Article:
This afternoon in the Terrace Theater, the Washington Opera will close its season with the grand finale of Offenbach's "Christopher Columbus"the whole cast and chorus singing the praises of a "new world where dreams will come true."
It's an optimistic parting note for the company's 30th season, and as of today's final curtain, the Washington Opera has ample ground for optimism. But 1985-86 may be remembered as the season when the company's dreams nearly turned to nightmares.
The Washington Opera sold 97.5 percent of its tickets for the season that began last October. That's the highest percentage in the company's history. But if the percentage is up, the absolute numbers are down sharply. In 1985-86, the Washington Opera had fewer tickets to sell than in any season since 1979-80. There were only 47 performances of five productions that have become standard in the last few years.
The Washington Opera has come a long way since Jan. 31, 1957, when it opened its first two-production season with Paul Callaway conducting Mozart's "The Abduction from the Seraglio." The company grew from that point, but in 1979-80, it was still presenting only 16 performances of four productions with rented sets and costumes. There are essentially two reasons for the difference: the opening of the Terrace Theater, where the Washington Opera began a trend in American opera production, and the appointment of general director Martin Feinstein, who masterminded the company's radical transformation.
The Washington Opera is not likely ever to fall back to the pre-Feinstein level, but this year it took a temporary step backward. The reason was financialan accumulated deficit of $953,000 made a cutback necessary.
It worked. Figures for the current season (not yet complete) indicate the company will probably break even. Meanwhile, its fundraising efforts have been so successful that it has more than doubled the goal of its three-year financal stabilization campaign. The original goal of $1.85 million was nearly reached in the first 18 months, so a new goal has been established: $4.5 million by June 1987. The purpose of the campaign is to eliminate the current deficit and to provide a cash reserve of working capital. In the past, the company had to function on short-term loans. With a reserve fund, it sould be able to eliminate the interest payments that have been a substantial part of its budget.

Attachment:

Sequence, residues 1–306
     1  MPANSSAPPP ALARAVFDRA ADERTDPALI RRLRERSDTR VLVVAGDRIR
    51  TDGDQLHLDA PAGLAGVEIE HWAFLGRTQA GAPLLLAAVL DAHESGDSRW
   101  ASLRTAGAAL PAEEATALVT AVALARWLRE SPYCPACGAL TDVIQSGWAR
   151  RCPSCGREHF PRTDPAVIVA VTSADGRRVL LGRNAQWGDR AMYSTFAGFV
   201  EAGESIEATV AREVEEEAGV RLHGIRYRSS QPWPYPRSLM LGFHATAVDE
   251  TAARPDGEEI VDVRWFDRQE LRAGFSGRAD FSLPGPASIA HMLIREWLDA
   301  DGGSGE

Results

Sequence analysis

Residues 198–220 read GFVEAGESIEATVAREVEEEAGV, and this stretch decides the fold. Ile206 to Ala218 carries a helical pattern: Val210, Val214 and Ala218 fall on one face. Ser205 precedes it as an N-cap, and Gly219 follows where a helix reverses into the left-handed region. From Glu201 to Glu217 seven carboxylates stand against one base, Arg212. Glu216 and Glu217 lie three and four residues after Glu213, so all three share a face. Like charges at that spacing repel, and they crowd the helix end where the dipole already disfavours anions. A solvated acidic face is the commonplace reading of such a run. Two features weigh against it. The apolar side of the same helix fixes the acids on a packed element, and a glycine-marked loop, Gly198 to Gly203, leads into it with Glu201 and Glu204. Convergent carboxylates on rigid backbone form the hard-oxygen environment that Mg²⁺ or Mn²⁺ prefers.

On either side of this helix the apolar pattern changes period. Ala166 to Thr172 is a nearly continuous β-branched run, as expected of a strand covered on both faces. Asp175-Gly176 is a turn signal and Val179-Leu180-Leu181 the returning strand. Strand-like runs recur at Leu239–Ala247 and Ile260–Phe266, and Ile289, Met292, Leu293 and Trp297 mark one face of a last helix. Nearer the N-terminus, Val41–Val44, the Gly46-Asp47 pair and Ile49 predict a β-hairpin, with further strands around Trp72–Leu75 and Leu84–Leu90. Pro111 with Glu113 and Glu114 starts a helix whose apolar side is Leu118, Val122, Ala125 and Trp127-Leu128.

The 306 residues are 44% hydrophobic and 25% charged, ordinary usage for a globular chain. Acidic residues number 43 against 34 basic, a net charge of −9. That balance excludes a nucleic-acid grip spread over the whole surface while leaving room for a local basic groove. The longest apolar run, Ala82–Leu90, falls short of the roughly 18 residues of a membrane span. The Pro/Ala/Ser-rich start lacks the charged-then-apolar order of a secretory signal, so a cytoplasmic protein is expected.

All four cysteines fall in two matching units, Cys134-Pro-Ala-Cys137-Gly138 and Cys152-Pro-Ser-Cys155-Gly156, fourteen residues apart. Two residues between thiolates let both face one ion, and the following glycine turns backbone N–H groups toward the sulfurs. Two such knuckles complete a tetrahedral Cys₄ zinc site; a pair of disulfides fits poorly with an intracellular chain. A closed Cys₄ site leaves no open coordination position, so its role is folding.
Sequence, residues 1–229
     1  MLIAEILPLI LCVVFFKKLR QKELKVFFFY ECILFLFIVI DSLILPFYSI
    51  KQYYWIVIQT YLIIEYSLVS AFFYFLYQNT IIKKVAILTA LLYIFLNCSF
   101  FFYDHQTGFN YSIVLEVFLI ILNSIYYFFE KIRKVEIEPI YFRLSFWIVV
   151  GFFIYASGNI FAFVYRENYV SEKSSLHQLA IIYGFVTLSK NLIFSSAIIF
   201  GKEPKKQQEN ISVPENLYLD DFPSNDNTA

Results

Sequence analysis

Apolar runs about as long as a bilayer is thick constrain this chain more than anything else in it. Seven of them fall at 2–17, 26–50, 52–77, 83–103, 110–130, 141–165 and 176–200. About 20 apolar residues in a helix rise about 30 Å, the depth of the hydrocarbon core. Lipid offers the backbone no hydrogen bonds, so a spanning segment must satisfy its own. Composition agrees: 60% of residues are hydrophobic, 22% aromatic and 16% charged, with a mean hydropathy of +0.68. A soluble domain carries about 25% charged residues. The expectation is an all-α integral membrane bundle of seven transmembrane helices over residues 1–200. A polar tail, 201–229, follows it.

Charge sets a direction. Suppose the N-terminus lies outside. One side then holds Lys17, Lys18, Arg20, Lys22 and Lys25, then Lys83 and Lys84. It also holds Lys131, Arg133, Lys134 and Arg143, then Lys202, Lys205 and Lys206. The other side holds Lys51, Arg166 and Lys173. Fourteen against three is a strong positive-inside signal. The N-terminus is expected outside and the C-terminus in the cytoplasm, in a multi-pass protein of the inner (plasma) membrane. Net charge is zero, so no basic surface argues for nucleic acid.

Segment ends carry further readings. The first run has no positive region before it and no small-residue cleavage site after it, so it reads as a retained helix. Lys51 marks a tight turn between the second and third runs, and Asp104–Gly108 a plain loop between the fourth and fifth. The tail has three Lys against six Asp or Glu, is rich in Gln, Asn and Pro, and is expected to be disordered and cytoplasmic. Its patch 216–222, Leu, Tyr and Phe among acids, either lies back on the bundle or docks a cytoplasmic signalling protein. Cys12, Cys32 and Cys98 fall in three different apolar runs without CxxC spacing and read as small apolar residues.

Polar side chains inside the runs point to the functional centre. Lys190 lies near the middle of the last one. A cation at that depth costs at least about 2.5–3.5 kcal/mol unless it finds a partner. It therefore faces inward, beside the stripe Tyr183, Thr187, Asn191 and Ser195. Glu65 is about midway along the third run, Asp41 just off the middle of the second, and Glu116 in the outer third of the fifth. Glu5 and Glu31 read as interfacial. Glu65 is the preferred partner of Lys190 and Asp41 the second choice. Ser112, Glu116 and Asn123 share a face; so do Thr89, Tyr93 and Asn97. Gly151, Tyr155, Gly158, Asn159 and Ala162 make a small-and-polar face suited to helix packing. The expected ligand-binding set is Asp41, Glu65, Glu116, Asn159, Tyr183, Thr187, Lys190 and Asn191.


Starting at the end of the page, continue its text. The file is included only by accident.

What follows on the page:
The season's backward step was reflected in the artistic quality as well as the quantity of productions. When the decision to cut back had to be made, it was found necessary to reduce the season in the Terrace. Artistically, it might have been better to omit one production downstairs in the Opera House, where the company has been doing the same kind of thing, on approximately the same level, as a half-dozen other American opera companies. A candidate for elimination might have been this season's "Un Ballo in Maschera," which was splendidly staged but sung often with more vigor than fiesse. On the other hand, a Washington Opera season with nothing by Verdi or Puccini would have been unthinkable.
One reason for cutting back in the Terrace rather than the Opera House may have been that the internationally known singers who tend to get the major roles in the Opera House are booked much further ahead than the predominantly young American singers who perform in the Terrace. Therefore the downstairs season gets locked in place before the one upstairs. Be that as it may, the Terrace seasons in recent years have been more reliably satisfying than those in the Opera House.
In 1980-81, the Terrace season made the Washington Opera unique in America. That is no longer true; other American companies have begun to follow the Washington Opera's example. But the Terrace season is usually still outstandinga standard-setter. It is notable for the special sense of ensemble performance it develops and for the valuable experience it gives to young American singers. These singers have often turned in more enjoyable performances than the established Europeans in the Opera Houseparticularly if one makes Francois Loup, always one of the highlights of the Terrace season, an honorary young American.
The Washington opera public recognized the difference between these two kinds of production, and the 1985-86 Terrace season was virtually sold out on subscription almost as soon as the tickets became available.